The man who is suing the former leader of the Conservative Party has accused Colin Craig's lawyers of coming after him.
Taxpayers' Union founder Jordan Williams was recalled to give evidence in the High Court in Auckland today, where he is suing Mr Craig for defamation over comments he made in a leaflet and at a news conference.
Much of the evidence has centred on Mr Craig's relationship with his former press secretary, Rachel MacGregor, who resigned suddenly just before the 2014 election.
Read about the Colin Craig defamation case in a nutshell here.
But today the spotlight was turned on Mr Williams.
Mr Williams began by reading an apology letter, referring to communication with Whale Oil blogger Cameron Slater.
He said much of the communication included legal advice and gossip, but there were also items that he was extremely embarrassed about.
"If there is one thing that I have really learned with all this ... just like with email, Facebook messages are an everlasting record. The mantra is: 'If you wouldn't want your mum reading it - don't write it' [and it] holds true. Sorry, Mum."
The nature of the conversation aired today cannot be reported for legal reasons.
In a tense exchange with Mr Craig's lawyer, Stephen Mills QC, Mr Williams accused the lawyer of coming after him and making accusations against him.
At one point, Mr Williams brought his fist down on to the witness box.
Mr Mills asked: "You are prepared to use people who are your friends for those wider political objectives."
Mr Williams responded: "You're saying I used Rachel for a political objective. I did not. I kept that confidence. Yes ... I supported her for eight months until that p*** broke the agreement and started piddling on her reputation.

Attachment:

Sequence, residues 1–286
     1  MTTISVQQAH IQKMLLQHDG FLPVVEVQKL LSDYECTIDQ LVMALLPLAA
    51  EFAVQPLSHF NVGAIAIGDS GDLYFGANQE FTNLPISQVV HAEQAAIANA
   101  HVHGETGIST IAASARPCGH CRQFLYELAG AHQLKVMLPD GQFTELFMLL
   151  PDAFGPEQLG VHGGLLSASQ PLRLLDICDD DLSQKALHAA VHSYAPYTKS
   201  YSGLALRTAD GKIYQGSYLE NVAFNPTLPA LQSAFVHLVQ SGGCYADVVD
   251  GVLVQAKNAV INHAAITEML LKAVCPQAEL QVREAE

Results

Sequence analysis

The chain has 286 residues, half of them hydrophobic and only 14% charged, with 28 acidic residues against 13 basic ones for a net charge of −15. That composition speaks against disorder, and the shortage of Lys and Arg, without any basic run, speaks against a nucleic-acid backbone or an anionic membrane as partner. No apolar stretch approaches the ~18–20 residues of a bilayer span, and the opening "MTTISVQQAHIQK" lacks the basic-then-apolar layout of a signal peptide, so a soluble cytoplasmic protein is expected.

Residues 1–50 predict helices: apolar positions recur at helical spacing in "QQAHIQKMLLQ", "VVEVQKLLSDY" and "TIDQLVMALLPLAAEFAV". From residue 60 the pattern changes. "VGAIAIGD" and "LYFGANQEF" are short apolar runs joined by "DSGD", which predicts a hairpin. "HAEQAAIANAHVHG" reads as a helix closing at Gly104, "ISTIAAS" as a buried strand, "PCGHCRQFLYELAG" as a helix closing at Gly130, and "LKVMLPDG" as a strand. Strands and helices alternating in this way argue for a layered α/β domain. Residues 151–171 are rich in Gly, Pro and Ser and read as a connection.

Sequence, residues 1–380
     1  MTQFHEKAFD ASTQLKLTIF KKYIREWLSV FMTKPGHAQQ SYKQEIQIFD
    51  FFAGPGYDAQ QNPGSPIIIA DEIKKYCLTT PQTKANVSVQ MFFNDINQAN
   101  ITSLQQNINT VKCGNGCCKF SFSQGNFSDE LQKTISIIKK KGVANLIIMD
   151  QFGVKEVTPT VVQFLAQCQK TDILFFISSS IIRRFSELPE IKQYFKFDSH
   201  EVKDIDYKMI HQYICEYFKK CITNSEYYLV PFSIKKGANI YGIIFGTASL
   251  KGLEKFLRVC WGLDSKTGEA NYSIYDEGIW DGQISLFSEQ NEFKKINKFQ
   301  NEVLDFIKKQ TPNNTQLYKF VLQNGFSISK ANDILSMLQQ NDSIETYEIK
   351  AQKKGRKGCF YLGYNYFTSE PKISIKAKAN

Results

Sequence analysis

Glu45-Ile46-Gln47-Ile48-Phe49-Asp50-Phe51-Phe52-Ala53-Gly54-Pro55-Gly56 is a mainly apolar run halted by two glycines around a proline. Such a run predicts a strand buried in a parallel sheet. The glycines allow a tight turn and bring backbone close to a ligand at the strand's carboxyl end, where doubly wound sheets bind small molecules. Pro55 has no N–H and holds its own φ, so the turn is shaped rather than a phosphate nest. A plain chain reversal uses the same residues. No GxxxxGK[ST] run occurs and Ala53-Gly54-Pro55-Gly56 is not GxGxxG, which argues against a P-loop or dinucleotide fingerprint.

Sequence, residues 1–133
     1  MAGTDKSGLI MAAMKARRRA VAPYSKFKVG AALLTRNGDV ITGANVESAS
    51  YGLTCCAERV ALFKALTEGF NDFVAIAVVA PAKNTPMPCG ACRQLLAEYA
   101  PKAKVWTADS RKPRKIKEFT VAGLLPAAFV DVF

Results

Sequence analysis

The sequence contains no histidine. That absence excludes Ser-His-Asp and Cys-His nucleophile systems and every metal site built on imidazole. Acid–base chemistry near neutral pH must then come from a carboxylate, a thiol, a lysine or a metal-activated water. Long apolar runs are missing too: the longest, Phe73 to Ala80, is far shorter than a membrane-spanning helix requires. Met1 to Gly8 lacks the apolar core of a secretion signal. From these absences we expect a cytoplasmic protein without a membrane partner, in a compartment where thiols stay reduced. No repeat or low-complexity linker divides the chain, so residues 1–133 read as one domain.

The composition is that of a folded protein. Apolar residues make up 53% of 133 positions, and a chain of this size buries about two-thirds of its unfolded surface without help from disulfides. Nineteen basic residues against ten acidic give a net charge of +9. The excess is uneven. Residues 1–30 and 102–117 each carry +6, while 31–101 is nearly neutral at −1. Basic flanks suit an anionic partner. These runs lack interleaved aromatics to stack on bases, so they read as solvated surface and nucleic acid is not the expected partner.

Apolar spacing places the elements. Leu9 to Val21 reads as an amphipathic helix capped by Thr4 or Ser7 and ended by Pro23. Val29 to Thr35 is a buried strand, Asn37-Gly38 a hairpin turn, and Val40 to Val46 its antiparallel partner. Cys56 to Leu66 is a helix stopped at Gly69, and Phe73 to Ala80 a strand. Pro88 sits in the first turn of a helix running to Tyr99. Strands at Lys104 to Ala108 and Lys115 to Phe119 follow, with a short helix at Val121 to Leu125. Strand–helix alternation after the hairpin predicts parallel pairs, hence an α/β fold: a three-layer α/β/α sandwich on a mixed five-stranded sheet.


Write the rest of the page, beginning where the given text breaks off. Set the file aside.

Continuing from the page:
"The relationship with Rachel was well after I had the information. I didn't want to go into the details. It made me feel awful."
He said he had stood by Ms MacGregor, paid for her initial lawyers and even got her a job in Wellington.
Mr Mills asked him if his political objective had been to have Mr Craig removed as leader.
Mr Williams responded: "Because he's flawed. And I didn't actually."
Earlier, the court heard from Beverly Adair-Beets, who also worked as a press secretary for Mr Craig, alongside Ms MacGregor.
She told the court that Ms MacGregor believed she had a "special status of power" over Mr Craig and was personally interested in him.
Ms Adair-Beets said she visited Ms MacGregor at home, two days before she resigned, and said Ms MacGregor seemed stressed.
"In our discussion, Rachel was very adamant with me that she wanted money from Colin. She told me very clearly that she would get paid what she deserved and would do anything to get it."
Under cross-examination, she confirmed she waited months before telling Mr Craig about the discussion and wrote what happened in an email.
The jury will not sit on Monday and is due to hear closing addresses from the lawyers on Tuesday.
- Jordan Williams - The plaintiff in the case and executive director of the Taxpayers' Union. He has accused Colin Craig of defaming him in a leaflet that was sent to 1.6 million households around the country in July 2015.
- Colin Craig - The defendant and former leader of the Conservative Party. He stepped down as leader in mid-2015 amid renewed speculation about his relationship with his former staffer, Rachel MacGregor.
- Rachel MacGregor - The woman at the centre of the allegations and Mr Craig's former press secretary. She alleges she was sexually harassed by Mr Craig over a long period of time. She quit her job two days before the 2014 election over a pay dispute.
- Peter McKnight - Mr Williams' lawyer.
- Stephen Mills - Mr Craig's lawyer. A defamation expert.
- Justice Katz - The High Court judge presiding over the trial.
- John Stringer - Former Conservative Party board member. Gave evidence that there was no smear campaign against Mr Craig. Also said Mr Craig had told board members there was nothing going on with Ms MacGregor.
- Christine Rankin - Former Conservative Party chief executive and candidate for Epsom in the 2014 election. Told the court she had thought Mr Craig was a moral man who could bring integrity into New Zealand politics.
- Megan Williams - Mr Williams' mother. Gave tearful evidence defending her son's reputation.
- Helen Craig - Mr Craig's wife. Gave evidence supporting her husband.
- Brian Dobbs - former Conservative Party chair